If you create a disk from a snapshot of a disk on a Linux instance and attach the created disk to the Linux instance, the universally unique identifier (UUID) of the disk conflicts with that of the disk from which the snapshot is created. This topic describes how to modify the UUID of a disk.

Background information

After a disk is created from a snapshot of a disk on a Linux instance, the UUID of the created disk is the same as that of the disk from which the snapshot is created. If you attach the created disk to the Linux instance, the UUID of the disk conflicts with that of the disk from which the snapshot is created. The following issues may occur:
  • If you create a disk from a system disk snapshot of a Linux instance and attach the created disk to the Linux instance, Linux may be started from the newly attached data disk rather than the system disk.
  • If your disk uses the XFS file system, the mount operation is prohibited due to a UUID conflict. The "mount: wrong fs type, bad option, bad superblock on /dev/vdd1," message appears.
Therefore, after you create a disk from a snapshot of a disk on a Linux instance and attach the created disk to the Linux instance in the console, you must log on to the instance to modify the UUID of the created disk before you perform the mount operation. To modify the UUID of your disk, you can run the blkid command to query its file system type and choose one of the following methods based on the command output:

Modify the UUID of an ext2, ext3, or ext4 file system

Note In this example, /dev/vdb1 is used. You must modify the related commands based on your device name.
  1. Remotely connect to an ECS instance. For more information, see Connect to a Linux instance by using password authentication.
  2. Run the following command to query the UUID of the created disk:
    blkid
    The following command output shows that the UUID of the disk created from a snapshot is the same as that of the disk from which the snapshot is created.The UUID information
  3. Run the following command to check the file system:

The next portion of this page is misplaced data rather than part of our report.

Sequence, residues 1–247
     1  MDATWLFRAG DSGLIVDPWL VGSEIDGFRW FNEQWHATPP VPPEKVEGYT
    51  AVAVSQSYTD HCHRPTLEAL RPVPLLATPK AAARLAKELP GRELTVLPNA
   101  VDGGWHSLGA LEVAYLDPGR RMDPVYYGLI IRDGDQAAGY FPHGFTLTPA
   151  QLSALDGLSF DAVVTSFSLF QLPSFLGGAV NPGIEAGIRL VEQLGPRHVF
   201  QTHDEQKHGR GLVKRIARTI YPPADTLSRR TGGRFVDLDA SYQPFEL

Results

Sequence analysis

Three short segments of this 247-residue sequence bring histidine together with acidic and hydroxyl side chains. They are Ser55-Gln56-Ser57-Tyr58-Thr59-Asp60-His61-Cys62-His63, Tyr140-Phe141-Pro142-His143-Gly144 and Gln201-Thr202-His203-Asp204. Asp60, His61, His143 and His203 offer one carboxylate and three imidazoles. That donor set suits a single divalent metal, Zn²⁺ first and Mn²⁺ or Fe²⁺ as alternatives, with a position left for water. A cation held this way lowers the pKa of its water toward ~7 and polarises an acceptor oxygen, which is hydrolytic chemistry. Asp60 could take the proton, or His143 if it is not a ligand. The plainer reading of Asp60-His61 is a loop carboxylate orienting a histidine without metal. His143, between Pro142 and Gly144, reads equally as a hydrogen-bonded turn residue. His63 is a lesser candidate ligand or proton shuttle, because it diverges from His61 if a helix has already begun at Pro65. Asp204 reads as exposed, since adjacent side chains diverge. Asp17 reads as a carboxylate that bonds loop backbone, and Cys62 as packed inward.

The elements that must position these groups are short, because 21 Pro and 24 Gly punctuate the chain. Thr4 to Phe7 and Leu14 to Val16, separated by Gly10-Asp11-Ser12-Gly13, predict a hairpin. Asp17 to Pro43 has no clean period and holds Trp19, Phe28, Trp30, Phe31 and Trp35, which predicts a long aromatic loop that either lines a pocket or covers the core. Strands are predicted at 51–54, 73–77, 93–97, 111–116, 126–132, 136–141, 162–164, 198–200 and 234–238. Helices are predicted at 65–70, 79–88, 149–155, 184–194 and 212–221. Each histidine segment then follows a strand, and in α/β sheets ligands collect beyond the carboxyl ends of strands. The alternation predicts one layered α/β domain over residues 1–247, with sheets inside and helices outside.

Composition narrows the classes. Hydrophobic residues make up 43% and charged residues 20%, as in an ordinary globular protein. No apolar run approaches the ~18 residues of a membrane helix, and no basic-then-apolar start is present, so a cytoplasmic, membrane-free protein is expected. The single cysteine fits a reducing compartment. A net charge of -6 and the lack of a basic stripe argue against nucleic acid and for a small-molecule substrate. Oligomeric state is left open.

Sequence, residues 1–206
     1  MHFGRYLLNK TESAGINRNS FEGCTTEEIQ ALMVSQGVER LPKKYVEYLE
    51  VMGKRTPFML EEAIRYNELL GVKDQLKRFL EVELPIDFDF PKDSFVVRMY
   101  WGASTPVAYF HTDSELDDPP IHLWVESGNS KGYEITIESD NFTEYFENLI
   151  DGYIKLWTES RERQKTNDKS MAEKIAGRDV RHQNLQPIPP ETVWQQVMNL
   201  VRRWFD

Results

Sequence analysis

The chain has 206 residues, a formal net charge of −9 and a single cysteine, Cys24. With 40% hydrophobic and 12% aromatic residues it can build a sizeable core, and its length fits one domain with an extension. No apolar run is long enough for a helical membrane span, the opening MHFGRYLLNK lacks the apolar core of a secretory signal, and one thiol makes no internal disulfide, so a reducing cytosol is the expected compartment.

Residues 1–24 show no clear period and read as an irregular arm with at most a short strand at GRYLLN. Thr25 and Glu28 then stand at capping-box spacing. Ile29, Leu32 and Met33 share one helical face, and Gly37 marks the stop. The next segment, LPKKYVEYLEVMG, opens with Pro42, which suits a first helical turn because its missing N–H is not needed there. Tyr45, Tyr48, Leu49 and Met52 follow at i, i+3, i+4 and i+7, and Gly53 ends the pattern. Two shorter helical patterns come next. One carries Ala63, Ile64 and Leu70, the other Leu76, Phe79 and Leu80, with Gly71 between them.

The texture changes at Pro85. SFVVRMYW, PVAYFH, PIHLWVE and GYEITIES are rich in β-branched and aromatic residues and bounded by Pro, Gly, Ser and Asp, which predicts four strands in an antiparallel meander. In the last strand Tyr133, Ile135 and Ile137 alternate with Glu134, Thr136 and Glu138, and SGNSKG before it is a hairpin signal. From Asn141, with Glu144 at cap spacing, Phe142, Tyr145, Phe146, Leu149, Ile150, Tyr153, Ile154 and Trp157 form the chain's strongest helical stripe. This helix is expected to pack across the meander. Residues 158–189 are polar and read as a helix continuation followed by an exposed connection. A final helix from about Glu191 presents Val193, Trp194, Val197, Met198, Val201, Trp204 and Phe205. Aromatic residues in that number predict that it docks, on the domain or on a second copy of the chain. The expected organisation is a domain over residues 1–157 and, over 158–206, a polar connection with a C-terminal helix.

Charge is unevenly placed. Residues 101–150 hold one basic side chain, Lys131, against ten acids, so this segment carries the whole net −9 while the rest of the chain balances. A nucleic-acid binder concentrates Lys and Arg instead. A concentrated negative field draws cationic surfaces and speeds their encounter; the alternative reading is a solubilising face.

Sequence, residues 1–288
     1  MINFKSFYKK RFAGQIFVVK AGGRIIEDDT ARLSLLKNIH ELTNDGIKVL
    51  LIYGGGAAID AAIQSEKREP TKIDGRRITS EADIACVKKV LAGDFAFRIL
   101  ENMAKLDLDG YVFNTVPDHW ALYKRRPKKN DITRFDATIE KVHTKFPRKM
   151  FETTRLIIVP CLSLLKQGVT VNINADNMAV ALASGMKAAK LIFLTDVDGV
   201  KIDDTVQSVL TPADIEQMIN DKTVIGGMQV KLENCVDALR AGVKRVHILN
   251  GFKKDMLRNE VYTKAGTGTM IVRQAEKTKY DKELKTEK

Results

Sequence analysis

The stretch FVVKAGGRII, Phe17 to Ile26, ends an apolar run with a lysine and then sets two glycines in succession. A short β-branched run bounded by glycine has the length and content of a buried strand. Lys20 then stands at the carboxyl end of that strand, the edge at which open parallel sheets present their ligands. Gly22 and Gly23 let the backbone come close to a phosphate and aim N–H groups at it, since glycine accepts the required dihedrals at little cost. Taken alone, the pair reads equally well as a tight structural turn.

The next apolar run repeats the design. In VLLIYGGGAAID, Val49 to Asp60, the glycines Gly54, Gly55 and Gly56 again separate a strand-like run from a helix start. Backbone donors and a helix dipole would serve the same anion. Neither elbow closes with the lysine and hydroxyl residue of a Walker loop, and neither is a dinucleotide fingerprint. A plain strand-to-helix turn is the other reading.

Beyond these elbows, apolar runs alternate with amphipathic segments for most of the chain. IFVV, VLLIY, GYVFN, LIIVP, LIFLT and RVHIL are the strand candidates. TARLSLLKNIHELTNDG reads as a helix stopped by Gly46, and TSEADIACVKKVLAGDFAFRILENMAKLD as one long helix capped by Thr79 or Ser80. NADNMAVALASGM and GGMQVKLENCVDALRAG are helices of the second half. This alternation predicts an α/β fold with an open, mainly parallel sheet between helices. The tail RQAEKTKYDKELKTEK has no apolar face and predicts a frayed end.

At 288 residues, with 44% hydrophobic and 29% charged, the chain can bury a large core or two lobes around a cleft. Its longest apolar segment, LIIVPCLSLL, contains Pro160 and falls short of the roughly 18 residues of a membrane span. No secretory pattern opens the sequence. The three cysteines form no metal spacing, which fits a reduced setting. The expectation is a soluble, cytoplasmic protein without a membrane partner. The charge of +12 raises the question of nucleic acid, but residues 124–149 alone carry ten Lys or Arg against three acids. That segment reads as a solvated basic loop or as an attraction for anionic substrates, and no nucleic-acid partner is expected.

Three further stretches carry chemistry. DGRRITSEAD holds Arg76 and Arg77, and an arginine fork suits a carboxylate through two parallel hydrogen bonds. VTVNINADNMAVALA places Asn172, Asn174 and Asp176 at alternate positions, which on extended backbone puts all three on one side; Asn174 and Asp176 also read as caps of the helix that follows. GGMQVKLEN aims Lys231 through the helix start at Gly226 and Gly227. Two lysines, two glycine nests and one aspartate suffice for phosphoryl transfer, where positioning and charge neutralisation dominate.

e2fsck -f /dev/vdb1
  4. Run the following command to generate a new UUID for the created disk:
    uuidgen | xargs tune2fs /dev/vdb1 -U
  5. Run the following command to check whether the UUID is modified:
    blkid
    The following command output shows that the UUID of /dev/vdb1 is modified.The UUID is changed
  6. Run the following command to attach the created disk:
    mount /dev/vdb1 /mnt
  7. Configure the /etc/fstab file to automatically attach the created disk on startup.
    For information about how to configure the /etc/fstab file, see Configure UUIDs in the fstab file to automatically attach data disks.

Modify the UUID of an XFS file system

Note In this example, /dev/vdd1 is used. You must modify the related commands based on your device name.
  1. Remotely connect to an ECS instance. For more information, see Connect to a Linux instance by using password authentication.
  2. Run the following command to query the UUID of the created disk:
    blkid
    The following command output shows that the UUID of the disk created from a snapshot is the same as that of the disk from which the snapshot is created.xfs-uuid
  3. Run the following command to generate a new UUID for the created disk:
    xfs_admin -U generate /dev/vdd1
  4. Run the following command to check whether the UUID is modified:
    blkid
    The following command output shows that the UUID of /dev/vdd1 is modified.The UUID result - XFS
  5. Run the following command to attach the created disk:
    mount /dev/vdd1 /mnt
  6. Configure the /etc/fstab file to automatically attach the created disk on startup.
    For information about how to configure the /etc/fstab file, see Configure UUIDs in the fstab file to automatically attach data disks.

References